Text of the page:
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http://dx.doi.org/10.3324/haematol.2020.260224DOI Listing
July 2020

Assessment of polygenic architecture and risk prediction based on common variants across fourteen cancers.

Nat Commun 2020 07 3;11(1):3353. Epub 2020 Jul 3.

Section of Epidemiology and Biostatistics, Leeds Institute of Cancer and Pathology, University of Leeds, Leeds, UK.

Genome-wide association studies (GWAS) have led to the identification of hundreds of susceptibility loci across cancers, but the impact of further studies remains uncertain. Here we analyse summary-level data from GWAS of European ancestry across fourteen cancer sites to estimate the number of common susceptibility variants (polygenicity) and underlying effect-size distribution. All cancers show a high degree of polygenicity, involving at a minimum of thousands of loci. We project that sample sizes required to explain 80% of GWAS heritability vary from 60,000 cases for testicular to over 1,000,000 cases for lung cancer. The maximum relative risk achievable for subjects at the 99th risk percentile of underlying polygenic risk scores (PRS), compared to average risk, ranges from 12 for testicular to 2.5 for ovarian cancer. We show that PRS have potential for risk stratification for cancers of breast, colon and prostate, but less so for others because of modest heritability and lower incidence.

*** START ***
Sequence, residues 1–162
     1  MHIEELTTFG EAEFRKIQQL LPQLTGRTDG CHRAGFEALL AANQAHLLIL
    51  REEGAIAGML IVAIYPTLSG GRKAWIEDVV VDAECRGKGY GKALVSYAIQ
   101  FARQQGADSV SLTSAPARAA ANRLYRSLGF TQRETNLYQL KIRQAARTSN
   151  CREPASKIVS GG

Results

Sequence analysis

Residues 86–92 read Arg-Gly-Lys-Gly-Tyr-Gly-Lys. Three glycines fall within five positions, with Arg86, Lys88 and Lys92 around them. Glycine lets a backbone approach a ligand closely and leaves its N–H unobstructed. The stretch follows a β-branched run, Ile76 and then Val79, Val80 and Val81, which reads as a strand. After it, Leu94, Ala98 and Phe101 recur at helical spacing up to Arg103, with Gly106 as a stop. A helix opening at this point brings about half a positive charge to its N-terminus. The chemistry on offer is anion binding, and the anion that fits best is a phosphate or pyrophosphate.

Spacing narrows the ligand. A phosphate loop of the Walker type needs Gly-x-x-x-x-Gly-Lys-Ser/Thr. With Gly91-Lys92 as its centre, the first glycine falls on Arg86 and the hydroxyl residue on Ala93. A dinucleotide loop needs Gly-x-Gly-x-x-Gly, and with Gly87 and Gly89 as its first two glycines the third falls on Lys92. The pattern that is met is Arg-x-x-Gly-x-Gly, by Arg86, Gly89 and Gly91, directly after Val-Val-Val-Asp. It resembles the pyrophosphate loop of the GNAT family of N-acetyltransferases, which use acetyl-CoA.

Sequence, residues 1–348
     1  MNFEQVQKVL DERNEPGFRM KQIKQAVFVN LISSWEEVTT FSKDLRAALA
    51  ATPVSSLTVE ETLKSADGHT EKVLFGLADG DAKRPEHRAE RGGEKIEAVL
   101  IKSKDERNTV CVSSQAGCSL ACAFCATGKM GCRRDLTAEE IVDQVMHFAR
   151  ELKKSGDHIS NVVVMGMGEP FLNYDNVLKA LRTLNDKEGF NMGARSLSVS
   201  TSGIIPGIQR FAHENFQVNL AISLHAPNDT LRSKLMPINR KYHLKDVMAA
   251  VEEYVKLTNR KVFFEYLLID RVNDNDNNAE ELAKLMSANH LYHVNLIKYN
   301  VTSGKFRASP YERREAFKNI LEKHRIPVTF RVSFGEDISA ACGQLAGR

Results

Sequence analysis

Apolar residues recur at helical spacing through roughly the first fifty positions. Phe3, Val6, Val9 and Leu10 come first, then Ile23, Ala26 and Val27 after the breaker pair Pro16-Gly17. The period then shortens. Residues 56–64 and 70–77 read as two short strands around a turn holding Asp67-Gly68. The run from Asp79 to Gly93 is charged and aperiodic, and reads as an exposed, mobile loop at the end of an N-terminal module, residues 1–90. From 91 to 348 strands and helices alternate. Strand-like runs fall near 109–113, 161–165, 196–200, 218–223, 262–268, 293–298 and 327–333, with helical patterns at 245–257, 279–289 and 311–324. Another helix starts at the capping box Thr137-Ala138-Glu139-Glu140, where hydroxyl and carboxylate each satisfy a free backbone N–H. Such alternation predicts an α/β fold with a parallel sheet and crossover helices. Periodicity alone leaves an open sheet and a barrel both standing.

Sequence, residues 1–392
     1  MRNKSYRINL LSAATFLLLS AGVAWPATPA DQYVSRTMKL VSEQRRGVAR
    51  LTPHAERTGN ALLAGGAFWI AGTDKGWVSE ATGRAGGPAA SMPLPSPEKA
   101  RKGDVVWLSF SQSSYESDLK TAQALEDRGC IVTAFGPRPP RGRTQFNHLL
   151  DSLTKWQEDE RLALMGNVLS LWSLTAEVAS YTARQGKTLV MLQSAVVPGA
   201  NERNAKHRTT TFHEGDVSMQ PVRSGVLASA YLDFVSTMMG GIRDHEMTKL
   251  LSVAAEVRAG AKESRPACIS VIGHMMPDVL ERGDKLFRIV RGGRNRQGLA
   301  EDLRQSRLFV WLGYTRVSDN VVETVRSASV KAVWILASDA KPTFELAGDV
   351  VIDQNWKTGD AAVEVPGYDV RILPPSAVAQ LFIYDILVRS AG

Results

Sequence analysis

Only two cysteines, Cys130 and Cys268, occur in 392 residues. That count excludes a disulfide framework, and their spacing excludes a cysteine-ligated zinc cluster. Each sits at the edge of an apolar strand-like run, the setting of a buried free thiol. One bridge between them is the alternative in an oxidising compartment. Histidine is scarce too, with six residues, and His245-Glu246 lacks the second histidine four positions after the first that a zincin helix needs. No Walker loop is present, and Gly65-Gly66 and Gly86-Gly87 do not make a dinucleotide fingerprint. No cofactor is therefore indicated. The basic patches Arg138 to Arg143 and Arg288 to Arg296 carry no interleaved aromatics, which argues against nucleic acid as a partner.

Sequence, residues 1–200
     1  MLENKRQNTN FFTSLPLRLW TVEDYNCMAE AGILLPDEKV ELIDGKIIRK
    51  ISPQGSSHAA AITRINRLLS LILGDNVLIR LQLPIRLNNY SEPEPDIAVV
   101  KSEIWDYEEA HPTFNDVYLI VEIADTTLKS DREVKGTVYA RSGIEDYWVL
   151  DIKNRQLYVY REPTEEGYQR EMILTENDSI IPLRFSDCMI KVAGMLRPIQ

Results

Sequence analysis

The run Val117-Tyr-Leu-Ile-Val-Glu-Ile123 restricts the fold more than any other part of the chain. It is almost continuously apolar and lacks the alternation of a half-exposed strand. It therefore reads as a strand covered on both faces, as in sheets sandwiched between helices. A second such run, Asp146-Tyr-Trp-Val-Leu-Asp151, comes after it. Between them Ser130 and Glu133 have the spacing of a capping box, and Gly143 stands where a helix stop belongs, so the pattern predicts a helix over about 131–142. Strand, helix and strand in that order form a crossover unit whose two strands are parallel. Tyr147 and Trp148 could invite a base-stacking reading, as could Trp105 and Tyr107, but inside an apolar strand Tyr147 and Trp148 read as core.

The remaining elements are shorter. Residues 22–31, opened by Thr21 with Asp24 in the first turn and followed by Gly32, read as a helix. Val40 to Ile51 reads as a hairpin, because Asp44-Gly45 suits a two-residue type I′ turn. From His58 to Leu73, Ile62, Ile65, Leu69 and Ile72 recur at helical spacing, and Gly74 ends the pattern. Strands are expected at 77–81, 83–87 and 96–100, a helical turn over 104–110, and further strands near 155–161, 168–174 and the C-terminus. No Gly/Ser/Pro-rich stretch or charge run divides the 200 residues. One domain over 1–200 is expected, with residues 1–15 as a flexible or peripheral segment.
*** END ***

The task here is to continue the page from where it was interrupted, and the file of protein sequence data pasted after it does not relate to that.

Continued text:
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http://dx.doi.org/10.1038/s41467-020-16483-3DOI Listing
http://www.ncbi.nlm.nih.gov/pmc/articles/PMC7335068PMC
July 2020

Identification of novel splice mutation in SMAD3 in two Cypriot families with nonsyndromic thoracic aortic aneurysm. Two case reports.

Mol Genet Genomic Med 2020 09 29;8(9):e1378. Epub 2020 Jun 29.

Department of Cardiovascular Genetics and The Laboratory of Forensic Genetics, The Cyprus Institute of Neurology and Genetics, Nicosia, Cyprus.

Background: Thoracic aortic aneurysm and dissection (TAA/D) represents a potentially lethal disease group characterized by an increased risk of dissection or rupture. Only a small percentage (approximately 30%) of individuals with nonsyndromic familial TAA/D have a pathogenic variant in one of the genes that have been found to be associated with the disease.

Methods: A targeted sequencing panel and direct sequencing approach were used to identify causative mutations in the index patients and other family members.

Results: In this study we report two apparently unrelated Cypriot families with nonsyndromic familial TAA/D. The proband A is a female patient diagnosed with TAA/D and intracranial aneurysm and opted for an elective intervention. The proband B is a male patient who was diagnosed with TAA/D and underwent cardiac surgery. Sequencing analysis identified a novel splice site variant (c.871+1G>A) in SMAD3 which is shown to be associated with the disease. Analysis of mRNA from the patient's tissue confirmed aberrant splicing and exon 6 skipping.